Former British Ambassador to Uzbekistan, Craig Murray, wrote in a 2007 article in the UK Daily Mail, that what has been achieved in Afghanistan is “the highest harvests of opium the world has ever seen.” Murray elaborated that, “Our economic achievement in Afghanistan goes well beyond the simple production of raw opium. In fact Afghanistan no longer exports much raw opium at all. It has succeeded in what our international aid efforts urge every developing country to do. Afghanistan has gone into manufacturing and ‘value-added’ operations.” This means that Afghanistan “now exports not opium, but heroin. Opium is converted into heroin on an industrial scale, not in kitchens but in factories. Millions of gallons of the chemicals needed for this process are shipped into Afghanistan by tanker. The tankers and bulk opium lorries on the way to the factories share the roads, improved by American aid, with NATO troops.” Murray explains that this was able to happen because “the four largest players in the heroin business are all senior members of the Afghan government.” Murray stated that, “Our only real achievement to date is falling street prices for heroin in London.”

U.S. military transport aviation is used for the delivery of drugs from Afghanistan to the American airbases, Ganci in Kyrgyzstan and Incirlik in Turkey.

Afghanistan supply’s about 90% of the worlds opium. We arrived in 2001. In the following nine years opium production has surged 700%. Recording all time record harvests beginning around 2010.

During the time opium production was being ramped up in Afghanistan, Mexico was retooling their ability to convert ever larger supply’s of opium into increasingly potent heroin and developing new infrastructure to transport it.

During the decade or so all this was going on in Afghanistan and Mexico, scripts here in America for Oxycontin, Fentanyl, Hydrocodone and the like were wildly available to any person claiming chronic pain. Nothing was done to confirm the claims of pain, sorta like the stated income, liar loans that set up the housing collapse. Basically scripts were available to almost anyone for the asking.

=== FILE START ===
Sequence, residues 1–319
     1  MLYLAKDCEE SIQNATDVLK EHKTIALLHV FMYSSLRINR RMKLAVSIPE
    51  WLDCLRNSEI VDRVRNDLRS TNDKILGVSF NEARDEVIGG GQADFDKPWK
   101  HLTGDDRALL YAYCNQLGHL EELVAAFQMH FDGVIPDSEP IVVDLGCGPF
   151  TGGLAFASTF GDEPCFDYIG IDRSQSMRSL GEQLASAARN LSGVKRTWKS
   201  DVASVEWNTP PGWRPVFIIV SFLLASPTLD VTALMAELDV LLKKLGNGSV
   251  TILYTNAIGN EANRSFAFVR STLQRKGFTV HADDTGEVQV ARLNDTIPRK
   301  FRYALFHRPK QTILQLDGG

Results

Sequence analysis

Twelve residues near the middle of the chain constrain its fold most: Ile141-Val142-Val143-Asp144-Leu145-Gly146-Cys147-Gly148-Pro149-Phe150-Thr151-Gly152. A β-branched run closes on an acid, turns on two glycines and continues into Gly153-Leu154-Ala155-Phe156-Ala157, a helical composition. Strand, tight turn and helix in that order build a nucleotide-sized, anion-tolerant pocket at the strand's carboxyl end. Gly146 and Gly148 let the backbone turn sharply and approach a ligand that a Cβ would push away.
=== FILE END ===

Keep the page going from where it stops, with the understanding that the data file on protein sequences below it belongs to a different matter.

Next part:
That all ended one day in 2011.

Almost overnight The Oxycontin and Fentanyl was turned into useless plastic and millions of scripts across the country were shut down with the exception of those few in truly chronic pain.

Simultaneously and amazingly as if by magic, that very day every city in America suddenly had a fresh two ton supply of high quality vary affordable heroin. In fact the prices have never been lower and the quality never higher.

UC Berkeley Professor emeritus Peter Dale Scott:

“It is now generally admitted that Ali Mohamed (known in the al Qaeda camps as Abu Mohamed al Amriki — “Father Mohamed the American”) worked for the FBI, the CIA, and U.S. Special Forces. As he later confessed in court, he also aided the terrorist Ayman al-Zawahiri, a co-founder of the Egyptian Islamic Jihad, and by then an aide to bin Laden, when he   visited America to raise money.”

Every religion, including Islam, has its crazed fanatics. Few in numbers and small in strength, they can properly be assigned to the “loony” section. This was true for Islam as well until 1979, the year of the Soviet invasion of Afghanistan. Indeed, there may well have been no 911 but for this game-changer.

Officials like Richard Perle, Assistant Secretary of Defense, immediately saw Afghanistan not as the locale of a harsh and dangerous conflict to be ended but as a place to teach the Russians a lesson. Such “bleeders” became the most influential people in Washington .

The task of creating such solidarity fell upon Saudi Arabia, together with other conservative Arab monarchies. This duty was accepted readily and they quickly made the Afghan Jihad their central cause…. But still more importantly, to go heart and soul for jihad was crucial at a time when Saudi legitimacy as the guardians of Islam was under strong challenge by Iran, which pointed to the continued occupation of Palestine by America’s partner, Israel. An increasing number of Saudis were becoming disaffected by the House of Saud – its corruption, self-indulgence, repression, and closeness to the US. Therefore, the Jihad in Afghanistan provided an excellent outlet for the growing number of militant Sunni activists in Saudi Arabia, and a way to deal with the daily taunts of the Iranian clergy.

The bleeders soon organized and armed the Great Global Jihad, funded by Saudi Arabia, and executed by Pakistan. A powerful magnet for militant Sunni activists was created by the US. The most hardened and ideologically dedicated men were sought on the logic that they would be the best fighters.

Advertisements, paid for from CIA funds, were placed in newspapers and newsletters around the world offering inducements and motivations to join the Jihad.

Investigative  journalist Robert I. Friedman wrote in New York Magazine in 1995: